In 2017, who would have guessed that the adaptation of the iconic “IT” would breathe new life into the horror genre and stir up the bloodlust and adoration of its viewers? As the credits rolled in theaters everywhere, audiences were already excited for the sequel that was surely coming. Well, “IT Chapter Two” has arrived, to all the excitement and expectations one could bestow on a highly-anticipated sequel. So how did it do?
We return to Derry 27 years after the Losers Club’s first terrifying encounter with Pennywise the Clown. They’ve all grown up and moved away, until a devastating phone call and the return of Pennywise bring them all home.
“IT Chapter Two” is directed by Andy Muschietti (“Mama”). Bill Skarsgard returns as Pennywise, and we are introduced to the Losers Club, All Grown Up Edition. “IT Chapter 2” stars Jessica Chastain as Beverly Marsh, James McAvoy as Bill Denbrough, Bill Hader as Richie Tozier, Isaiah Mustafa as Mike Hanlon, Jay Ryan as Ben Hanscom, James Ransone as Eddie Kaspbrak and Andy Bean as Stanley Uris. Additionally, the stellar youth cast from the first film returns with Sophia Lillis, Jaedan Martell, Finn Wolfhard, Chosen Jacobs, Jeremy Ray Taylor, Jack Dylan Grazer and Wyatt Oleff. We’re even treated to a cameo by “IT” author (and goddamn icon) Stephen King.
To discuss “IT Chapter Two” requires the acceptance that “IT” is something so much bigger. It’s part of one of literature’s most complicated multiverses. It commands a complicated and convoluted mythos. It leaves more questions than answers. It’s a hefty book that got stretched into a miniseries, and it’s now getting the Hollywood treatment. And that all rests on the foundation of “IT” being a cornerstone of culture and the Stephen King centerpiece, among his fans.
The first film found success in capturing the nostalgia and the spirit of “IT,” latching onto the experience of those kids (now adult movie enthusiasts) that were delighted and terrified by the original miniseries. The sequel has the much more ambitious task of wrapping things up neatly and attempting to capture the full scope of “IT.”
Here’s the thing about “IT Chapter Two.” It’s fine. Just fine. And that’s the problem.
The film does precious little to repeat what worked in its predecessor and, regrettably, we lose so much of what made the first film good. Its extended runtime is not used to great effect and the episodic nature of the format (essentially separating the experiences of the Losers Club into a series of short films) made the viewing experience of “IT Chapter Two” feel like a slog. It’s both frustratingly formulaic and predictable without feeling cohesive.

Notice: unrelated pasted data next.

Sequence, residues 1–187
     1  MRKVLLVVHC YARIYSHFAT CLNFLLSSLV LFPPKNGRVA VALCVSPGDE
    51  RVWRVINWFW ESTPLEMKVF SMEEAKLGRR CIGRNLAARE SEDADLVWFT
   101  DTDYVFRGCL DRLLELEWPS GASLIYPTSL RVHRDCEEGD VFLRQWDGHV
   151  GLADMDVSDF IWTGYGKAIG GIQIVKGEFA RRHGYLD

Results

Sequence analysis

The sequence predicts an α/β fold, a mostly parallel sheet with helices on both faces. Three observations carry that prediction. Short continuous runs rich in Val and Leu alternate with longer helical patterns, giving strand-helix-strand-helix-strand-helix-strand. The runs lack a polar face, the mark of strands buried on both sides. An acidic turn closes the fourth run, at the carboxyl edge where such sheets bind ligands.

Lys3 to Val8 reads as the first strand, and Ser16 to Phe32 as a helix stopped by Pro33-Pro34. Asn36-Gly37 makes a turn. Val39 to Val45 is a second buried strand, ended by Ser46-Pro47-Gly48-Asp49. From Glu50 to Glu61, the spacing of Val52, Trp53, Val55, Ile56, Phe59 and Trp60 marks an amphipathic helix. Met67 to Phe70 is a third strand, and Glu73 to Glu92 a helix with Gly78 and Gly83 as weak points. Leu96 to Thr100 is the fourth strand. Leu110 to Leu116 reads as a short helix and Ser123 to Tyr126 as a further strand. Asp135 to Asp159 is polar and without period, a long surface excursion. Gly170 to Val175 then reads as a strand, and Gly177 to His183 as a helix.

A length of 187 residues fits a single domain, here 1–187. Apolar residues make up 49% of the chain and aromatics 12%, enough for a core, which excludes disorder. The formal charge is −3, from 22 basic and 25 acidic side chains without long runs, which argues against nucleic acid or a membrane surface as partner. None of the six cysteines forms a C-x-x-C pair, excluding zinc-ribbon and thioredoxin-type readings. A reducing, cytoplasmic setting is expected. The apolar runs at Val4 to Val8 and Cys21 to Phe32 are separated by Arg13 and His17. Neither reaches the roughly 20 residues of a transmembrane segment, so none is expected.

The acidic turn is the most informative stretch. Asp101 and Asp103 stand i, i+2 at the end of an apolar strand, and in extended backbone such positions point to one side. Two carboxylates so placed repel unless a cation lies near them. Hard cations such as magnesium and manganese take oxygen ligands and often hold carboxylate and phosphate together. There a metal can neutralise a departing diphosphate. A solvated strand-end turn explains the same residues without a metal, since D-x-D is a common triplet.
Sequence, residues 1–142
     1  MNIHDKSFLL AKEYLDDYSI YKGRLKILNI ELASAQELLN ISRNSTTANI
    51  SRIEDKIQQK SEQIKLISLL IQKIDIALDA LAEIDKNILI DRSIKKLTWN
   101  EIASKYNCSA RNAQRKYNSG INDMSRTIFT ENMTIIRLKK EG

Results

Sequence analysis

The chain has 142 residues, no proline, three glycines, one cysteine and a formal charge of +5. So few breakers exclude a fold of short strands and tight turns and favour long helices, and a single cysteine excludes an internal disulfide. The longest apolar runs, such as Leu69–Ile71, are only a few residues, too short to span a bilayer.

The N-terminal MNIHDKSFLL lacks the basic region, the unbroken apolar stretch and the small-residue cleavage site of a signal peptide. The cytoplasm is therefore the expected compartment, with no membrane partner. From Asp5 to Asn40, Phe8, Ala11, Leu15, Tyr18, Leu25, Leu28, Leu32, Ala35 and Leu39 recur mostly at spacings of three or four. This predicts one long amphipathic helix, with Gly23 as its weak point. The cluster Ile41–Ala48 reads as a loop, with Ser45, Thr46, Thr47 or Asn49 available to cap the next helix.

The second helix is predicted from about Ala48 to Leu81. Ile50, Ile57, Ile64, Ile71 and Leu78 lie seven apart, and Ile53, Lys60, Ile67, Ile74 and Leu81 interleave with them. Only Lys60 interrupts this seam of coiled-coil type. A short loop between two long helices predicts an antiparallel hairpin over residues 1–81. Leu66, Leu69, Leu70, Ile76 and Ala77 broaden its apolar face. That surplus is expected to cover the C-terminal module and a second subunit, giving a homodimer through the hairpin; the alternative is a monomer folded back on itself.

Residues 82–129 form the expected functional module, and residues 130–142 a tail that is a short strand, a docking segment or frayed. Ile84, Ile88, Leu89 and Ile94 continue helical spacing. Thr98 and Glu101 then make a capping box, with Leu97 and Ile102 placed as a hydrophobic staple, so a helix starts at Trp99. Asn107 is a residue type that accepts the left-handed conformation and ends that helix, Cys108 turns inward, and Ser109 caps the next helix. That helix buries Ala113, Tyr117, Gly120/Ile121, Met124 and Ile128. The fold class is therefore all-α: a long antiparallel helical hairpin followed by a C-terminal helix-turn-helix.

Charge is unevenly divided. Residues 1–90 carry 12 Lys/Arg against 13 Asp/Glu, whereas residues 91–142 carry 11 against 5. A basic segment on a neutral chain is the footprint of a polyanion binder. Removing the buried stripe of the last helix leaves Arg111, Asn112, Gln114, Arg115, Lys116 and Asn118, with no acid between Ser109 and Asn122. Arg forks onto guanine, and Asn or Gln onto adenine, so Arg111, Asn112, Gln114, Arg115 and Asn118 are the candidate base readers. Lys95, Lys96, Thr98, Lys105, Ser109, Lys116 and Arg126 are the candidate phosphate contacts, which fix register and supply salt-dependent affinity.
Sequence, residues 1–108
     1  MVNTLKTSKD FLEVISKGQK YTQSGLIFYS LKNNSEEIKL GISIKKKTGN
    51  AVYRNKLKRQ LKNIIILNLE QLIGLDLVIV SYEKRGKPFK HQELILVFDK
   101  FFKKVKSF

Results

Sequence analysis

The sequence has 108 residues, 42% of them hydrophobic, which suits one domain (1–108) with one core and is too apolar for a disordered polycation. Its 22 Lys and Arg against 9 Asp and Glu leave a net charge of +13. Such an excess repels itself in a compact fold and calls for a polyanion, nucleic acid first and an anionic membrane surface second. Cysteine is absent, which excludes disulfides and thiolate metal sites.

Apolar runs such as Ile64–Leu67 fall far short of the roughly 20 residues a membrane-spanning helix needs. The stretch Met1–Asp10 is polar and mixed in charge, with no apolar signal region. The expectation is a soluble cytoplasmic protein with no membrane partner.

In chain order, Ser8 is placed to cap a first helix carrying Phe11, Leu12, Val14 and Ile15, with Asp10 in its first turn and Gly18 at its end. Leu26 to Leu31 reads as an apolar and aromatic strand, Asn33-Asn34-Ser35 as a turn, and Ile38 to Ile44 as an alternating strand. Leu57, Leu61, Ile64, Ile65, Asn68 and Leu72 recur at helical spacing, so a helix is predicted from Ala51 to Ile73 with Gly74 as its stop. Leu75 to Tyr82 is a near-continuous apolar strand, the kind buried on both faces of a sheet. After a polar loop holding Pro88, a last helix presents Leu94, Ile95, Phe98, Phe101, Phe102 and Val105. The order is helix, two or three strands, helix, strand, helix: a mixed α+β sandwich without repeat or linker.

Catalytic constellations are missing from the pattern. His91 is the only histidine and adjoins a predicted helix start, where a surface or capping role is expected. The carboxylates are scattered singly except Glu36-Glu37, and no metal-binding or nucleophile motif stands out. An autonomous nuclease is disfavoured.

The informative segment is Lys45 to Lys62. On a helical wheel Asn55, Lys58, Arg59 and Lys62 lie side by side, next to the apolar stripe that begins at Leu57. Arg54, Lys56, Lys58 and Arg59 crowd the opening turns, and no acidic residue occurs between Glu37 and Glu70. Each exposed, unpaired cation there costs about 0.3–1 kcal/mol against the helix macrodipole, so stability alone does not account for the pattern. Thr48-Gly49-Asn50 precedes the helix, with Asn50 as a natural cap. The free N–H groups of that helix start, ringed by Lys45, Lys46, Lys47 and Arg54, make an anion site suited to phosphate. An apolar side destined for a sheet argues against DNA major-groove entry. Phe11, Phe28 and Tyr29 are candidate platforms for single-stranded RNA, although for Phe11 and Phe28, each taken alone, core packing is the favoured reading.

Recall that “IT Chapter Two” carries the burden of wrapping things up. This is another area where the film falls short. Quite simply, there is too much mythology and history and significance to effectively explain and tell during a single film. This critic understands that this may be the essential problem of any “IT” adaptation, but I can’t help but wonder if it would have been more effective to begin introducing audiences to the lore in the first film. One has to imagine that die-hard King fans were left wanting and casual fans or first-timers left seriously confused. It’s a failing in storytelling and a real shame, though the film does inject its fair share of references and Easter eggs.
That being said, there are some things that “IT Chapter Two” does really well. Chiefly, they keep that incredible childlike nostalgia. Portrayals of childhood are charming by default, and an essential element of the “IT” story is childhood. Childhood experienced, childhood lost, overcoming childhood trauma and fears, and being able to go back to the experiences of childhood to inform the adults we become.